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27 students get jail sentences for protesting Turkish military operation in Afrin

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An İstanbul court has handed down prison sentences to 27 students from Turkey’s prestigious Boğaziçi University on terrorism charges due to a protest they staged against a Turkish military operation in the Afrin region of Syria, according to Turkish media reports.

Thirty students stood trial, three of whom were acquitted while 27 were convicted and sentenced to of 10 months in prison on charges of disseminating terrorist propaganda. Twenty of the sentences were suspended at the latest hearing before the İstanbul 32nd High Criminal Court on Friday.

The protest took place in March 2018 when a group of students at İstanbul’s Boğaziçi University held a rally in support of Turkey’s offensive against the Syrian Kurdish People’s Protection Units (YPG) militia in the northern Syrian region of Afrin and also distributed Turkish delight from a stand on the campus.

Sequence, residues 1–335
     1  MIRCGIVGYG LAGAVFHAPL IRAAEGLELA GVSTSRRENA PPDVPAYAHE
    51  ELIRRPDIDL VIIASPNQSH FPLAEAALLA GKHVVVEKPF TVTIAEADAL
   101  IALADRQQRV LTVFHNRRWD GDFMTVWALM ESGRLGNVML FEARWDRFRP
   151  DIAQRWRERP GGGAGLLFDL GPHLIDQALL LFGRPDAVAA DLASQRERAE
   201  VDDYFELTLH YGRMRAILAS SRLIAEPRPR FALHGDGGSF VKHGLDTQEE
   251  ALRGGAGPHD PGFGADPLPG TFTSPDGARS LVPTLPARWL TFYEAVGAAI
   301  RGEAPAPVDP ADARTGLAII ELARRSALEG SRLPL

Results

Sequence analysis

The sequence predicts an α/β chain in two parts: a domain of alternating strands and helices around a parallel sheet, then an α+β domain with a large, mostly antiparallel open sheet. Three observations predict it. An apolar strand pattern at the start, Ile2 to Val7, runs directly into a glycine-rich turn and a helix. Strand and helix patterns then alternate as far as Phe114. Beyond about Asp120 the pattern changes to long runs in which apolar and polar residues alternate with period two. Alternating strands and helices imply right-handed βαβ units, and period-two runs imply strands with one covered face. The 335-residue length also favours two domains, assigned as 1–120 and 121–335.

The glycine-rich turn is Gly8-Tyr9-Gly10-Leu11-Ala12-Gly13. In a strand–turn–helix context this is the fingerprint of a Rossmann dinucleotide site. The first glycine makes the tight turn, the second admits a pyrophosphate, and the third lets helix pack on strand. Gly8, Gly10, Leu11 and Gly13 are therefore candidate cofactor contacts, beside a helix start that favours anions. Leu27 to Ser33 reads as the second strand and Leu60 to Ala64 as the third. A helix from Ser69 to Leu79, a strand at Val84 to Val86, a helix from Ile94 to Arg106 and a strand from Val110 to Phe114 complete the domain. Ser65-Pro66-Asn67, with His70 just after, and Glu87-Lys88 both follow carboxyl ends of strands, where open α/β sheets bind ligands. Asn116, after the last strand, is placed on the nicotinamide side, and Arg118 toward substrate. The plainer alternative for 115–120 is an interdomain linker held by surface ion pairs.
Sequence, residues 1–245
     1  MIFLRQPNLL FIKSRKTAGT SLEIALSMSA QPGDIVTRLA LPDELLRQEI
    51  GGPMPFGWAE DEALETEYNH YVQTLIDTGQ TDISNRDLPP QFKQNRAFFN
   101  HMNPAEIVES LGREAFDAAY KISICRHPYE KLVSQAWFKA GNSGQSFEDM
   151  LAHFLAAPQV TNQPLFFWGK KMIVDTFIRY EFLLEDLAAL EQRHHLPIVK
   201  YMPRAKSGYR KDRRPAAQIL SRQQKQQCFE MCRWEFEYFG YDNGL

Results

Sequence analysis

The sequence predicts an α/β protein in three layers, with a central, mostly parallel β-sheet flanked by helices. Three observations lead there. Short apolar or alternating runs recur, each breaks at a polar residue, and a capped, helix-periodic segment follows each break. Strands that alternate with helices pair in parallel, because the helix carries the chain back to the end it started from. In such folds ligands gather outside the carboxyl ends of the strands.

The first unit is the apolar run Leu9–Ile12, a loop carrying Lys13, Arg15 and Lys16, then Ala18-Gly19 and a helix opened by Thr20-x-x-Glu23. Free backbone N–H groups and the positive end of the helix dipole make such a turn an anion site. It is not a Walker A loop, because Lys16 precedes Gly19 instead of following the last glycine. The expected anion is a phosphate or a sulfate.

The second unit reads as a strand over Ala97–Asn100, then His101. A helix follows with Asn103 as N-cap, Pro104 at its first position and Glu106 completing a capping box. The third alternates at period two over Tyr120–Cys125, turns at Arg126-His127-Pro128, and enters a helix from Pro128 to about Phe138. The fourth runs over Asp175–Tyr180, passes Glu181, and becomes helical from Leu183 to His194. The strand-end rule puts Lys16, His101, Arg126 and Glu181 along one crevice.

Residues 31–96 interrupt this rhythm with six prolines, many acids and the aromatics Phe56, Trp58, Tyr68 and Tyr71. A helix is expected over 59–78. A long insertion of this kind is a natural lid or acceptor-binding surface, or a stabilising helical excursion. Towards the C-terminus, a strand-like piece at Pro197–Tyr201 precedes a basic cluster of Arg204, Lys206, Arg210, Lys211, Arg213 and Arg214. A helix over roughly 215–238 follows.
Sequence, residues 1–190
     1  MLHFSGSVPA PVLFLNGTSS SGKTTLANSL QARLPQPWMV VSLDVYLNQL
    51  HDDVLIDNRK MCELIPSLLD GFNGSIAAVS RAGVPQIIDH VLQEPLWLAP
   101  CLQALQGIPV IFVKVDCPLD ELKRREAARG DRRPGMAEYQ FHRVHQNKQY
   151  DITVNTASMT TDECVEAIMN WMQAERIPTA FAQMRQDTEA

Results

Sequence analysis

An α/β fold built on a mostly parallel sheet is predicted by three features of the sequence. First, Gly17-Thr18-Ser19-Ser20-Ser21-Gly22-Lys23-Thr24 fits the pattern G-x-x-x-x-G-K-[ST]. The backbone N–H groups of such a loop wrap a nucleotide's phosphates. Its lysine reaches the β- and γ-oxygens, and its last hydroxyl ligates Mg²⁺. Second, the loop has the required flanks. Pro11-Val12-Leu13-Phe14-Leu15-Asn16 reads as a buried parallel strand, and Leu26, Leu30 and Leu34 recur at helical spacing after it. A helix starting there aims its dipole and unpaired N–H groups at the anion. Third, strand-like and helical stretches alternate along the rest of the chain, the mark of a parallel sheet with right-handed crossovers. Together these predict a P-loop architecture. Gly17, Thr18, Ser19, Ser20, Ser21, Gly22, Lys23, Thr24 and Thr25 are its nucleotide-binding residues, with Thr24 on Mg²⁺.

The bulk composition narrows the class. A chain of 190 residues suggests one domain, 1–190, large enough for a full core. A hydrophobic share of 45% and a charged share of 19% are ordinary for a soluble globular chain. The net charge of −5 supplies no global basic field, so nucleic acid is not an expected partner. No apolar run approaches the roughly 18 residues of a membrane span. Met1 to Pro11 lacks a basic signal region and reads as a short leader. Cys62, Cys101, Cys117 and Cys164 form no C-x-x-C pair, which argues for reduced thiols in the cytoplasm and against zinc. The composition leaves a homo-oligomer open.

A rival group of students then staged a counter-rally with a banner that read “Invasion, massacre cannot be marked with Turkish delight,” prompting President Recep Tayyip Erdoğan to call them “terrorists” and authorities to launch an investigation.

The prosecutors who indicted the students said they had acted in line with Kurdish militants and had attempted “to portray the Republic of Turkey and the Turkish Armed Forces as forces that were invading and using violence, and therefore engaging in illegitimate actions in the region.”

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